As a matter of plainly observable fact, children are not noble savages, whose most pressing need is to be left alone. Children need guidance and instruction if they are ever to be able to use the freedom that our society ultimately wants them to have as adults. Ironically, she reports that the children most “left alone” by adults prove to be particularly vulnerable to peer pressure and ultimately to the influence of impersonal forces such as advertising. This is why romantic naturalism is so appealing to the left. It undermines all existing authority, including cultural authority. The left can then move its own ideology into the void.
This argument will be challenging for many libertarians because it is social criticism more than the economic or political criticism with which we are most familiar. It is not primarily a libertarian critique of government, with an argument of what the state has done wrong and how more minimalist policies would help. (But libertarians will find themselves cheering her attack on the loony, anti-culturalist school curriculum.) Nor is it primarily a statist critique of the market, with an argument about how enlightened government regulation could easily correct the situation. (But readers on the left will be gratified by her criticism of advertising.) This is primarily a work of social criticism, which is to say a critique of the more amorphous thing known as culture, and of those ubiquitous actors, ourselves. She is challenging every reader of every ideological persuasion to be on the lookout for these poisonous ideas.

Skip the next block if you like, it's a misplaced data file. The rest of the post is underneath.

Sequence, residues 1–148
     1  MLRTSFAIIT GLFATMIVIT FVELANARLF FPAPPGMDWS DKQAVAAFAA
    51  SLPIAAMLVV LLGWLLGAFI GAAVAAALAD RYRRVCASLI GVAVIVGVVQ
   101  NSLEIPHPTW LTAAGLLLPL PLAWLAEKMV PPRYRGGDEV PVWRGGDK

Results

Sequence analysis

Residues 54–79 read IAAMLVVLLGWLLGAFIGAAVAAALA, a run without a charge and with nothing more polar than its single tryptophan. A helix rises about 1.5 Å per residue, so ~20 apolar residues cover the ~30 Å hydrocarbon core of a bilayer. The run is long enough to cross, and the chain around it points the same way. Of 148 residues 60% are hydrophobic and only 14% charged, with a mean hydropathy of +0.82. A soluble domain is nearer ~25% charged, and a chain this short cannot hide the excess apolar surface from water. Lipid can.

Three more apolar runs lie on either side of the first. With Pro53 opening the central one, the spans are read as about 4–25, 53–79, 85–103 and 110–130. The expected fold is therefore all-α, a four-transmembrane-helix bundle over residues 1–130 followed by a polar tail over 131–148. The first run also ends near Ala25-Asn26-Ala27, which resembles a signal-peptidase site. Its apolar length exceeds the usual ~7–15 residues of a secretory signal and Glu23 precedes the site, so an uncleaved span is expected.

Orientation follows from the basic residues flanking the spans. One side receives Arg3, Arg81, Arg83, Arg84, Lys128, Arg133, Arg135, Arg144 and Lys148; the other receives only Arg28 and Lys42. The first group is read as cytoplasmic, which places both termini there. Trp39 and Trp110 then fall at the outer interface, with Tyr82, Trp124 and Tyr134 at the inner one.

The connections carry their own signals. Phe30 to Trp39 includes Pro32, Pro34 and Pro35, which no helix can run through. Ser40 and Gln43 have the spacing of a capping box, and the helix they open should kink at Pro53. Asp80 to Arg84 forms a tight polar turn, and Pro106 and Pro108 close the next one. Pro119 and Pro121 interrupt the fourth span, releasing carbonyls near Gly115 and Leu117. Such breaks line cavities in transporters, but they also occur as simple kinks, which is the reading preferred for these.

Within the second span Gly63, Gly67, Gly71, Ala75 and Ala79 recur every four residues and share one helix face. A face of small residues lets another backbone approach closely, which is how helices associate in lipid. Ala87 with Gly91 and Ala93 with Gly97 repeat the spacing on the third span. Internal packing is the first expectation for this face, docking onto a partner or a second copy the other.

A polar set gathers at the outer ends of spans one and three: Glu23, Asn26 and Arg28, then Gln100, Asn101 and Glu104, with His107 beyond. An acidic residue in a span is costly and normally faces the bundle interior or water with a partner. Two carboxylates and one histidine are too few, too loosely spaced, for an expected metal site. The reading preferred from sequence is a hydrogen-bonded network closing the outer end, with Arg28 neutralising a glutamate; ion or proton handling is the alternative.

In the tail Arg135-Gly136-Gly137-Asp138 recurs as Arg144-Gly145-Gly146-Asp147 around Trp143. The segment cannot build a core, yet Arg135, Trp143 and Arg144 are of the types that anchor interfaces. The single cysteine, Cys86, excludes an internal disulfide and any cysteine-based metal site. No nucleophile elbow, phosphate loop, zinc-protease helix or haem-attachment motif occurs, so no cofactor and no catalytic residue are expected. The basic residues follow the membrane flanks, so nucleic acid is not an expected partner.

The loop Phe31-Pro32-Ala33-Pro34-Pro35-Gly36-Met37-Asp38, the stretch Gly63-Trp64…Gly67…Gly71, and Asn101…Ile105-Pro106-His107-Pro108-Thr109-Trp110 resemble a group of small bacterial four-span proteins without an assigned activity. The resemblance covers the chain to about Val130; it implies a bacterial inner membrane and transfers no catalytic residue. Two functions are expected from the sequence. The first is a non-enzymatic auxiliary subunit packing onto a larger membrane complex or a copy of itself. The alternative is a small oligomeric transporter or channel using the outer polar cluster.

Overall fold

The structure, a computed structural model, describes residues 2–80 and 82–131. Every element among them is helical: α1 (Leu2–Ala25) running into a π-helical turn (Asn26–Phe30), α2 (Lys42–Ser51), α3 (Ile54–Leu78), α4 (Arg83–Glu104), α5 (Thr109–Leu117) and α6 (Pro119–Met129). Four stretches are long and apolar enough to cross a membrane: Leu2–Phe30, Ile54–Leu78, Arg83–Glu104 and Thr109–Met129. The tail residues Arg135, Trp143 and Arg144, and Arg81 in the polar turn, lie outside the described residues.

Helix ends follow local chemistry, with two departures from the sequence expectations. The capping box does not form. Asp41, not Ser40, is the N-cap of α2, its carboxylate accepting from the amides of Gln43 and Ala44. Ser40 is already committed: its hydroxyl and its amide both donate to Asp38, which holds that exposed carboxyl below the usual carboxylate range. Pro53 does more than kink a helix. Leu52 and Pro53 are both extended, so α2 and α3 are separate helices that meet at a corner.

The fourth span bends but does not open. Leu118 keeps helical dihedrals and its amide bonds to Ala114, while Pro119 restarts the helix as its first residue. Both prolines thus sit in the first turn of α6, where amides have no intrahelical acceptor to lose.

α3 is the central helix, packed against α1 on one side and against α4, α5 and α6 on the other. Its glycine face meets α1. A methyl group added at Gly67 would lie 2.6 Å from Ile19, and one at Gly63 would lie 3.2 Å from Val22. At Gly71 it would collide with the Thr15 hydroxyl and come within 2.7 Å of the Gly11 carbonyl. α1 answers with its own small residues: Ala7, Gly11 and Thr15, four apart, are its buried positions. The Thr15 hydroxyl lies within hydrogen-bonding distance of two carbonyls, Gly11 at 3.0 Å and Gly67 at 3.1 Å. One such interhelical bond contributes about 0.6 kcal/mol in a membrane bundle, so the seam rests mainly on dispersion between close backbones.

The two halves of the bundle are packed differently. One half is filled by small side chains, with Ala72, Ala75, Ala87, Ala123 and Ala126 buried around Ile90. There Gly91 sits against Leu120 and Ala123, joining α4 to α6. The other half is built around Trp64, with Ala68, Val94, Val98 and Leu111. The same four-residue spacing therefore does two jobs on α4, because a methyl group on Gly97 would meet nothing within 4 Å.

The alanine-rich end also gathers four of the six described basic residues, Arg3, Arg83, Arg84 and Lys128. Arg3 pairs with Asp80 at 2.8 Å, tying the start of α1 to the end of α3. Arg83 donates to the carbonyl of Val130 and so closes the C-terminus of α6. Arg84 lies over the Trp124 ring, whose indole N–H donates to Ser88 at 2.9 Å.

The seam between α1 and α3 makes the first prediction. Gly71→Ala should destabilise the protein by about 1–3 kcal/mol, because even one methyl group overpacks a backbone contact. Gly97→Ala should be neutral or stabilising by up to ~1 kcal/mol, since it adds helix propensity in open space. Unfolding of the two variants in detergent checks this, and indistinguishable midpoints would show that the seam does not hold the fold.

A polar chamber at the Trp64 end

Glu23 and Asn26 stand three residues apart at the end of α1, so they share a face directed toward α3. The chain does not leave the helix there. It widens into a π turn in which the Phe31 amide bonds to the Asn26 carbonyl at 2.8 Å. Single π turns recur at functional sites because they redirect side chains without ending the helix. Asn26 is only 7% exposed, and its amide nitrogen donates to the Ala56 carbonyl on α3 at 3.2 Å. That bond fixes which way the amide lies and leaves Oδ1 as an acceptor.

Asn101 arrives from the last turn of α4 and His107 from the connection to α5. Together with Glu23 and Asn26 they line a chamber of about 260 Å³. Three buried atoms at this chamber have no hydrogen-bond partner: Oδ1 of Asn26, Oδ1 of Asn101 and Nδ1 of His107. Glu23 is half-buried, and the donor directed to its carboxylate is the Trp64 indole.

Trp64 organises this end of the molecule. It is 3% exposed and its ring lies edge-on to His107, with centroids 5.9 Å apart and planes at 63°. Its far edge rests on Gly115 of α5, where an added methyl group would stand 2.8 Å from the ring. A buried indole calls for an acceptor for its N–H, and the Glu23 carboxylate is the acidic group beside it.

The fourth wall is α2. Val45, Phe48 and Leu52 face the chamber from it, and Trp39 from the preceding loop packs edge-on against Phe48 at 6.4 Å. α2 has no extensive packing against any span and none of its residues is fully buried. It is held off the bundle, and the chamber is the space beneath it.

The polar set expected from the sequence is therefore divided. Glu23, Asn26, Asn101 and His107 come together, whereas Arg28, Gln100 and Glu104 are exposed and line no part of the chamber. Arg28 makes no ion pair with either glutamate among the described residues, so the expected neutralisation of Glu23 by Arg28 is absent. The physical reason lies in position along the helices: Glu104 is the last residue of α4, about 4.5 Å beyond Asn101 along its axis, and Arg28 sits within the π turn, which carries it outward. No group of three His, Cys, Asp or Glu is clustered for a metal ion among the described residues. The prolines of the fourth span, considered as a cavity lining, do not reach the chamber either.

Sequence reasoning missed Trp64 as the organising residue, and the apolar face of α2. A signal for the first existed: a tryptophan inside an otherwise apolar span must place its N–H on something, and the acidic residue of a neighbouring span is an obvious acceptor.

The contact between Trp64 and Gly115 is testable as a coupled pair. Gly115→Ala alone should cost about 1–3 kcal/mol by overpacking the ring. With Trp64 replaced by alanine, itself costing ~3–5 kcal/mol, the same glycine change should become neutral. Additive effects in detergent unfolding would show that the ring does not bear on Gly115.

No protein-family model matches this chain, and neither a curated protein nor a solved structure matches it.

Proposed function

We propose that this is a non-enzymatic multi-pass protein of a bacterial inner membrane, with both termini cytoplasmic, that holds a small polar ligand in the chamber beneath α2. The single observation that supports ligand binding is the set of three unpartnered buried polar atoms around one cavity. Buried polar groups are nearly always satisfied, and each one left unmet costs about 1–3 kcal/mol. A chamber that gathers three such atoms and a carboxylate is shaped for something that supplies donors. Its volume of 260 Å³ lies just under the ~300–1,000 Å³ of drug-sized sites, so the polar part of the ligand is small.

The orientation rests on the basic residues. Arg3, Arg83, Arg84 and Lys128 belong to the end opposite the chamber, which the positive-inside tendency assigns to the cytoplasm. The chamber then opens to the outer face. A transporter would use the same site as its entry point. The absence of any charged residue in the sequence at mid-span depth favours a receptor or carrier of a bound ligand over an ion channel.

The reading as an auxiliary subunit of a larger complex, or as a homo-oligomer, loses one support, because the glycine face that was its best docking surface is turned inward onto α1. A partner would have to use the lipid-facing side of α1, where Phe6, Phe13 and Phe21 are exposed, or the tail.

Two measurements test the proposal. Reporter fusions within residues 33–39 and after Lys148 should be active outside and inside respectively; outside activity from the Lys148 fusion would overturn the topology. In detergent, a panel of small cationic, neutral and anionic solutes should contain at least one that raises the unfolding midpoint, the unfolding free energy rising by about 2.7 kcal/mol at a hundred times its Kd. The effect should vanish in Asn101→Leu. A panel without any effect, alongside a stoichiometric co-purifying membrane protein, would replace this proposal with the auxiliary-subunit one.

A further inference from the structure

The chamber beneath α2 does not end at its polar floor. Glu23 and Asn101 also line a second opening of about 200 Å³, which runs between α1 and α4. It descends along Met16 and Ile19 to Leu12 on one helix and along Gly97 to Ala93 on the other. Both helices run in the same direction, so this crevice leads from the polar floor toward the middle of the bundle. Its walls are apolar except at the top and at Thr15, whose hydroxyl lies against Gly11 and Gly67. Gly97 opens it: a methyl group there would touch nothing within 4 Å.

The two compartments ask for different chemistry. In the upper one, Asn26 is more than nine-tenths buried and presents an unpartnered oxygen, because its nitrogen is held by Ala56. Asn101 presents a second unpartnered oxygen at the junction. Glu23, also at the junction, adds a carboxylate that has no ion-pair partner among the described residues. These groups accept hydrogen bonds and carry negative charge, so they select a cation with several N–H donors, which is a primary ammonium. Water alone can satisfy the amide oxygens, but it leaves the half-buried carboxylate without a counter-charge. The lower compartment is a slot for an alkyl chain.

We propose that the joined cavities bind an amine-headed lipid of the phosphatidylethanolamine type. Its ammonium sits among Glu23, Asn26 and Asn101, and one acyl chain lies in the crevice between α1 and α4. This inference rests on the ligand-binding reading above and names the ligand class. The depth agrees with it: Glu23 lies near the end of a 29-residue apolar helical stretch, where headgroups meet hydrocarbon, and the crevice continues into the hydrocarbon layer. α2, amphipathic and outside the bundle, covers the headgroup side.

When she attacks the vacuous instruction that masquerades as education in many schools, the target in the cross hairs is neither the teachers’ union nor compulsory schooling laws. When she criticizes advertising, her object is not to devise regulations. Her object is to persuade us to turn off the TV and to keep a close eye on the school curriculum. Most any reader can find some part of himself in this book and therefore will find some small but genuine contribution he can make by taking its argument to heart.
The libertarian political philosophy works because it is well-grounded in truths about human nature. People are self-interested. They will work harder for something they own than for some amorphous common good. Their self-interest can be channeled towards cooperative ends. Those facts lead us to favor individual freedom over collective action or coercive centralization.
But these are not the only truths about human nature. It is equally true that we are born as helpless babies and not as fully grown economic men. Childhood is not merely a socially constructed artifact that we can deconstruct and reconstruct at will. This core idea of Hymowitz’s book is certainly true. Children are not prepared for the autonomy appropriate to adults and will not automatically become prepared for it. Treating small children as if they were adults really does threaten their future, and ours.
Jennifer Morse is a fellow at the Hoover Institution.